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Rock Your Health: 10 Life lessons from the blackberry patch

Picking blackberries is my ZEN thing to do in the summer, as it takes me away from the usual city stuff and allows me to become re-connected to nature and who I am. And since I am also a Life Coach, I see the application of my experience to those of you who might like to do some soul searching as well.

Here are my thoughts on the experience of picking in the patch. YOU can decide how this can apply to your life.

B – Be prepared before you enter the patch.

Shorts and tank tops are not picking attire. Blackberries grow on long prickly vines that not only scratch me easily, but can wrap around my ankles and trip me if I start moving too fast. I prepare and protect myself with long-sleeved shirts and pants, preferably denim, socks, and shoes, no sandals.

L- Listen to the sounds of the woods for guidance.

If birds are chirping pleasantly, bugs are buzzing around making a lazy sound, leaves are fluttering in the breeze and I feel calm, then all is well. At a moment’s notice, however, I have heard a screech or a squawk or a fast rustling thru the woods and know that something is up! It’s amazing if I don’t have the distraction of all the “people noise” that the sounds of nature are there to guide my survival in very basic ways.

A – Analyze your next move before you take the first step.

Before I start to pick, I scan the entire patch and get the big picture of how I will proceed. Where is the best entry point that provides the easiest access, has the least amount of entanglements and yields the biggest return. This is a “prickly” venture and can lead to a lot of scratches, so I need to be strategic and move carefully as I proceed.

C – Check behind you often.

Sometimes when I keep moving forward as I pick, I only see one side of what is available. When I turn around periodically, I see more berries that I might have missed if I were always looking forward. I like to use the “turning technique” by planting my feet in one spot and picking in all directions before I move on, so I can see all the angles.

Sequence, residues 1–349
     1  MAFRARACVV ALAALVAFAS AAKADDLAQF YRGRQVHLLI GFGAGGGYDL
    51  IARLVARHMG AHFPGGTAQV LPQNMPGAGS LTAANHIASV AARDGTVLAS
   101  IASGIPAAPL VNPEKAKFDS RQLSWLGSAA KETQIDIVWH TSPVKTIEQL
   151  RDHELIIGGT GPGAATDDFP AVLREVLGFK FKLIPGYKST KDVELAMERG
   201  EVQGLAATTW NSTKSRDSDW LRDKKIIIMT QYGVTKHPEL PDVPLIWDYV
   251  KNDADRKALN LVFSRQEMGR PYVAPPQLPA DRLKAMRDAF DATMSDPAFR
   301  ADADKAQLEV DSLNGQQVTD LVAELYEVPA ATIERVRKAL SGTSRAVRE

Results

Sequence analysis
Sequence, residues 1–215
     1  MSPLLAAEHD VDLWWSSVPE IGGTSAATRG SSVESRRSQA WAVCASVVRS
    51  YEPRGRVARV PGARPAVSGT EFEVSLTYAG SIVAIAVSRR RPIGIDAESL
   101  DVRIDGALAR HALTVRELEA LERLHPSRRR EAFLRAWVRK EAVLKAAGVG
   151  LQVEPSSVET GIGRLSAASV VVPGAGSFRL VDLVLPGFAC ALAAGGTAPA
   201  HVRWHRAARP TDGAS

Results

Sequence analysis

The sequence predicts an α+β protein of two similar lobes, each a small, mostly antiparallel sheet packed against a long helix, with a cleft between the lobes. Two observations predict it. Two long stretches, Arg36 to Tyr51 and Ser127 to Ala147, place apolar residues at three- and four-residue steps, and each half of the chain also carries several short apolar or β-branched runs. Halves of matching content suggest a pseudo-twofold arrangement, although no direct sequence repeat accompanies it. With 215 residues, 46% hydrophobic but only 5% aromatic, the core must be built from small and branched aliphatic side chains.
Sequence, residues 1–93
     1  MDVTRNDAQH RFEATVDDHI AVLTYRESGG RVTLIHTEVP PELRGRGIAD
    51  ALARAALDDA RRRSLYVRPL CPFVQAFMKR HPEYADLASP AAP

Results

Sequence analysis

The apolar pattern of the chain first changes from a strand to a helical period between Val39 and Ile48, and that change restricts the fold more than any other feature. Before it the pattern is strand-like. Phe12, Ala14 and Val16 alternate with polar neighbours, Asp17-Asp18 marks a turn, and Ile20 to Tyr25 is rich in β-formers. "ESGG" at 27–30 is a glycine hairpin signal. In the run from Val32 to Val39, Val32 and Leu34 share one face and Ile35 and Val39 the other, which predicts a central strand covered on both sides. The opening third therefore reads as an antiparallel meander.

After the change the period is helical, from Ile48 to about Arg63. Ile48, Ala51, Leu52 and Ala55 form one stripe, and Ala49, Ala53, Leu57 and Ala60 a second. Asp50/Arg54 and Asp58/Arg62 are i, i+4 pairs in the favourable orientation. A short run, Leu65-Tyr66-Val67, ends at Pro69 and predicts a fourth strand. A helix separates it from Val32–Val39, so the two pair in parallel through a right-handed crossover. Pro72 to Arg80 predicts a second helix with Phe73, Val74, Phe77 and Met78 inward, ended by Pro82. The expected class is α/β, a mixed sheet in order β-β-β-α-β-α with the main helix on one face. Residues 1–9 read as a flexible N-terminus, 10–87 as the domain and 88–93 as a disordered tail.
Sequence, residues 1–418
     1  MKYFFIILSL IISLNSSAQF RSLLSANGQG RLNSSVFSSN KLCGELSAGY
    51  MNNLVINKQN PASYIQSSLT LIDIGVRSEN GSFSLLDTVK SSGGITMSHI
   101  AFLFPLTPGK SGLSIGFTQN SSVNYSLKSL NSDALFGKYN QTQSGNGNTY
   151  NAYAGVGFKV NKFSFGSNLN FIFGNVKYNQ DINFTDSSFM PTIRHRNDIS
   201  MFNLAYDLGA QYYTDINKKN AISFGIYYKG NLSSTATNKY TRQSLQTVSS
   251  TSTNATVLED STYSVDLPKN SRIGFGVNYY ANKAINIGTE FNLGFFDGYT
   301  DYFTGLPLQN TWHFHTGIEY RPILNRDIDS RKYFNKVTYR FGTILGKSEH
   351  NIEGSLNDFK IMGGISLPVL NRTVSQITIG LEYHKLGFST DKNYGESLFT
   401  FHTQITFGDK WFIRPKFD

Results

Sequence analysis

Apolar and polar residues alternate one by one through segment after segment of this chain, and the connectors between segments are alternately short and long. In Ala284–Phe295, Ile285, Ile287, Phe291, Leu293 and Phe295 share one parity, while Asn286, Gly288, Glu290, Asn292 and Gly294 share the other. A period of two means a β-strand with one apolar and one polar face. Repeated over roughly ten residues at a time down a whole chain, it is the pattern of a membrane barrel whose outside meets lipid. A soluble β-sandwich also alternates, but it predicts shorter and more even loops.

K – Keep moving deeper into the patch.

The best is yet to come. The first glance does not reveal the true bounty that lies within. As you go deeper, you start developing the “eye” for what you are looking for and you start seeing more of what is there than you originally thought. And berries always appear smaller from a distance, so when you get up close and personal, you really can see how big and beautiful they really are. Of course moving deeper into the patch means more vines, more stickers, more scratches, but no pain – no gain. It is well worth it to forge ahead.

B – Berries that fall to the ground before you get to them are a gift.

Two things are happening here. If you get overly greedy and try to pick too many berries at once with your hand, there might be overflow and they might fall out of your hand and onto the ground. The positive spin on this is that there might be a critter on the ground that had a wonderful berry drop from the heavens right down to the ground in front of it – and it perceives it as a gift! So instead of getting frustrated when you lose the perfect berry, think of the joy that critter feels when it appeared.

E – Expect to experience some pain

I never make it out of the patch without a few scratches, mainly on my hands with exposed skin, but if I pick slowly and steadily and avoid quick moves, I keep it to a minimum. There will be times when you are tempted by a beautiful cluster of ripe berries to reach farther than you should, and then it is easy to get off balance and fall, or pull a muscle. Again, slow, deliberate, and calculated movements reduce the possibility of pain and suffering.

R – Rejoice over the experience.

Appreciate the bounty you are harvesting, how nature provides such delicious and nourishing treats, that you have taken the time to be with nature, be with yourself and be “one with the berries”. The best stress management tool there is for grounding and it’s all FREE.

R – Ripe berries have the best flavor and are easiest to pick.

The biggest berries are the ripest and sweetest, and they are the easiest to pick. When you hit on a cluster of them all ripe and ready, you can cup your hand around the whole bundle and they slide easily off the vine and into your hand. Very smooth! Most of the time the biggest and ripest are found in the shade or hidden among leaves, so when you find them they are a complete surprise. I always get excited when I find them – and usually shout out to my picking partners – “I’ve found the mother load!” So always keep your eyes open when picking, because the best berries might not be in full view, they might even be very low under a lot of brush and you might have to look a little harder to find them.

Y – Young berries need more time to mature

Just because a berry looks ripe doesn’t mean it is. You’ll know right away if it is ready to be picked because if it hangs on tight to the vine and you can’t easily guide it off, it’s not ready. A gentle tug will tell you if it is time or not. If you start pulling too hard you could mash it and then it is of no value to anyone.

So if you want to coach yourself today, ask yourself – How does this apply to your life?

Summer Nursing Roundup

Summer is here, so it’s time to explore some of the best—and worst—nursing stories from the past few months.